Essay The Doctrine Of The Plain View Doctrine

1001 Words Mar 24th, 2016 5 Pages
The plain view doctrine is a further exception to the warrant requirement. The doctrine outlines three requirements for law enforcement to validly seize an item without a warrant. “First, the police officer must lawfully make an ‘initial intrusion’ or otherwise properly be in a position from which he can view a particular area.” Any item the officer sees from a place of lawful access will have been viewed from a lawful vantage point. Second, the item must possess some quality to make it immediately apparent to the officer that she may seize it. Generally, contraband is readily identifiable. However, even readily identifiable contraband may not be seized under the plain view doctrine unless the initial intrusion onto the property is lawful. Furthermore, the doctrine “may not be used to extend a general exploratory search from one object to another until something incriminating at last emerges.” Third, the officer must have a “lawful right of access” to the item itself. This right of access frequently springs from an exigency, such as a threat that the item will be removed or destroyed.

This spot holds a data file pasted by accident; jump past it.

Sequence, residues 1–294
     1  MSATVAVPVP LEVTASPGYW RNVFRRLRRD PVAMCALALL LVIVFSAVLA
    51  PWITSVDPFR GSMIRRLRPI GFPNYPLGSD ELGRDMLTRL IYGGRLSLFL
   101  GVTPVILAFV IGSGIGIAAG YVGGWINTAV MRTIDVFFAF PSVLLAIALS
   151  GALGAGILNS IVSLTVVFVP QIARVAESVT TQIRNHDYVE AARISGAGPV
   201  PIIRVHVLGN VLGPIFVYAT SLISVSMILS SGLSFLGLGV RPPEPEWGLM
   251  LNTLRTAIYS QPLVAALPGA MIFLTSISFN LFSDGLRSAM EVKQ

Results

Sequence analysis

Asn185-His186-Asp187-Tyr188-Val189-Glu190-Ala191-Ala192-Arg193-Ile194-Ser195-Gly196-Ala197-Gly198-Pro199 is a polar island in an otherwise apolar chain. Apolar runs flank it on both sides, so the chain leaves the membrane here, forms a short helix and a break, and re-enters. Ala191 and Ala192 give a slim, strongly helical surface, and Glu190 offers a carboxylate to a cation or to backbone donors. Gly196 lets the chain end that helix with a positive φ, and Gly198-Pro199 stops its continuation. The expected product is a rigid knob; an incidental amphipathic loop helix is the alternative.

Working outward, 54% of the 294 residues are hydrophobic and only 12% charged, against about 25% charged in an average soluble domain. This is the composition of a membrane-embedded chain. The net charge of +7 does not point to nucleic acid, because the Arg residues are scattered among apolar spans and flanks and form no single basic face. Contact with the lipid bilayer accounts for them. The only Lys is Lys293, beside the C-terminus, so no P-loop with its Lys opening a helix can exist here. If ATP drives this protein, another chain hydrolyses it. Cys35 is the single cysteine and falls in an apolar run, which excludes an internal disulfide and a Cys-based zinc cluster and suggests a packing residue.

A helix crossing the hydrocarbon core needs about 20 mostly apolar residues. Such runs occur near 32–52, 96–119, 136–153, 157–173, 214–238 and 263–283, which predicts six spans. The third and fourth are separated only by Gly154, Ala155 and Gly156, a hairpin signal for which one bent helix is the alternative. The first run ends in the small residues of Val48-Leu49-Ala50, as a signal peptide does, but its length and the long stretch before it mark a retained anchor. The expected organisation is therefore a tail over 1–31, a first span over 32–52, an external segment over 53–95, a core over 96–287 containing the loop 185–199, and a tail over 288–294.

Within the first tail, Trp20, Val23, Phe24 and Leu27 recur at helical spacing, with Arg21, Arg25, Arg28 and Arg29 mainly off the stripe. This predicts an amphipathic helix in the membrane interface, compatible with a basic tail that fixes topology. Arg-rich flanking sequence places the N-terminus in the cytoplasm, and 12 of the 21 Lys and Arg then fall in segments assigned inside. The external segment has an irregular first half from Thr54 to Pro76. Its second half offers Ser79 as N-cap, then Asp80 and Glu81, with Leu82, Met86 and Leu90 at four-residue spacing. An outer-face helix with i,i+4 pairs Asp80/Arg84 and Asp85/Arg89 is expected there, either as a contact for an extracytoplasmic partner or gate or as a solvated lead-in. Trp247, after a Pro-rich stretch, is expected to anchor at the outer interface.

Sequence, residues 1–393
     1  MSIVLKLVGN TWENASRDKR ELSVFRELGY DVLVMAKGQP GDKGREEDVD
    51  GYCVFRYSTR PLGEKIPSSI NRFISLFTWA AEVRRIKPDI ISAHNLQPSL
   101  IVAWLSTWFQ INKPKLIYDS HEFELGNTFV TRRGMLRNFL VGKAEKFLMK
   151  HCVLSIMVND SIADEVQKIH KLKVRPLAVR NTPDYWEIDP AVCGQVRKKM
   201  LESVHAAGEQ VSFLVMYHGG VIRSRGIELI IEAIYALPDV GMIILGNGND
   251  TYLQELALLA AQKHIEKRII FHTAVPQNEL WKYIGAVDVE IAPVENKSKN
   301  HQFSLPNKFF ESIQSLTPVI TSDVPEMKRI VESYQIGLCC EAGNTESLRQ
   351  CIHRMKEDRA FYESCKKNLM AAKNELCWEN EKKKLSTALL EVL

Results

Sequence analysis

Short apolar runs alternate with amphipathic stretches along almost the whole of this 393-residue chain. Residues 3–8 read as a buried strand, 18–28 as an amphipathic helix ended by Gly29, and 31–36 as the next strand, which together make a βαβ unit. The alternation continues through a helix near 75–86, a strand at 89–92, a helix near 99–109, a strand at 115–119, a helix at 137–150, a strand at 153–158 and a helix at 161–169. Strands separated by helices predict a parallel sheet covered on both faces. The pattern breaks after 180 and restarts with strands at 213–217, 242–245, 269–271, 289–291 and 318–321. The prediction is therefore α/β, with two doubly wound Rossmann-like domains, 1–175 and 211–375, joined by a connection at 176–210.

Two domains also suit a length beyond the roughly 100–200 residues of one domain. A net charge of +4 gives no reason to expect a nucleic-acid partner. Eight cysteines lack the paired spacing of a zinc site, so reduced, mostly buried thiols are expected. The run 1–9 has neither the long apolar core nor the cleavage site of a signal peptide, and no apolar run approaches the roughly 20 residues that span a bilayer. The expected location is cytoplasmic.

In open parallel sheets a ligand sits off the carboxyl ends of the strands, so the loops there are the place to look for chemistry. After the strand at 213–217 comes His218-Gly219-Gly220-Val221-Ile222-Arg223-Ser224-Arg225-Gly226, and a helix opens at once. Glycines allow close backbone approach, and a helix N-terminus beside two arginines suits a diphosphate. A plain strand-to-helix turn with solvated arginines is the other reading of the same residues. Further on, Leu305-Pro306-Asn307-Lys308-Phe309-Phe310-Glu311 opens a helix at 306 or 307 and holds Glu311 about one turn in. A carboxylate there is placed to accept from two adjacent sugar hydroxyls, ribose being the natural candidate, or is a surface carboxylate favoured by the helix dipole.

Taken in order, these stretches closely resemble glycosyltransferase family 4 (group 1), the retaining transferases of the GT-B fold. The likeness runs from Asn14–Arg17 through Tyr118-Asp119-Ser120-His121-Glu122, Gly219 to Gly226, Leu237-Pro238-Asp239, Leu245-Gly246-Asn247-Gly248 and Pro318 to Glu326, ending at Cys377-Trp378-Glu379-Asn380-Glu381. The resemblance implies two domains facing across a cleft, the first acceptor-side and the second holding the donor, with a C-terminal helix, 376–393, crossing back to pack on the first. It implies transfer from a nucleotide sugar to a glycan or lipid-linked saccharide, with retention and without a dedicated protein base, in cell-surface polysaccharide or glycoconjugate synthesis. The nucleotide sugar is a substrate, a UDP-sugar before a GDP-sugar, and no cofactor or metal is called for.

B. Supreme Court Precedent
The implied invitation is limited to actions that are customary and usual. As a result, the justification for implying a license is undermined when an officer’s behavior goes beyond what property owners would ordinarily tolerate from a visitor. In Florida v. Riley, Justice Brennan’s dissent articulates the principle that “[t]he simple inquiry whether [a]…

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